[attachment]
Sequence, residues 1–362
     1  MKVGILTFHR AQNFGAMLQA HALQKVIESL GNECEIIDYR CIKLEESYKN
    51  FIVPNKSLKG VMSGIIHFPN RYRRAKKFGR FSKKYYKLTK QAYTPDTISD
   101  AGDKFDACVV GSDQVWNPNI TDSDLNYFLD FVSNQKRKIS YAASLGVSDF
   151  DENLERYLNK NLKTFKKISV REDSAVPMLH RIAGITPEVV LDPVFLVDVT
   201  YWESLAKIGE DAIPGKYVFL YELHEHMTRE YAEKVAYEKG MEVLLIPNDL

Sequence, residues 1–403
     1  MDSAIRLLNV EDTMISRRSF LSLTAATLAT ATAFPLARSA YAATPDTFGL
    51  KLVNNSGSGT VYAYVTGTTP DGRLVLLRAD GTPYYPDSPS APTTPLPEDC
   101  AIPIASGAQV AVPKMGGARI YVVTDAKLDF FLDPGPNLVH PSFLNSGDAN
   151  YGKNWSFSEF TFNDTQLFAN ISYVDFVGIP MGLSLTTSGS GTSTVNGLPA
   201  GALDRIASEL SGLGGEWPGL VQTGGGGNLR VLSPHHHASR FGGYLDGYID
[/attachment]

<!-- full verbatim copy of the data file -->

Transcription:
Sequence, residues 1–362
     1  MKVGILTFHR AQNFGAMLQA HALQKVIESL GNECEIIDYR CIKLEESYKN
    51  FIVPNKSLKG VMSGIIHFPN RYRRAKKFGR FSKKYYKLTK QAYTPDTISD
   101  AGDKFDACVV GSDQVWNPNI TDSDLNYFLD FVSNQKRKIS YAASLGVSDF
   151  DENLERYLNK NLKTFKKISV REDSAVPMLH RIAGITPEVV LDPVFLVDVT
   201  YWESLAKIGE DAIPGKYVFL YELHEHMTRE YAEKVAYEKG MEVLLIPNDL

Sequence, residues 1–403
     1  MDSAIRLLNV EDTMISRRSF LSLTAATLAT ATAFPLARSA YAATPDTFGL
    51  KLVNNSGSGT VYAYVTGTTP DGRLVLLRAD GTPYYPDSPS APTTPLPEDC
   101  AIPIASGAQV AVPKMGGARI YVVTDAKLDF FLDPGPNLVH PSFLNSGDAN
   151  YGKNWSFSEF TFNDTQLFAN ISYVDFVGIP MGLSLTTSGS GTSTVNGLPA
   201  GALDRIASEL SGLGGEWPGL VQTGGGGNLR VLSPHHHASR FGGYLDGYID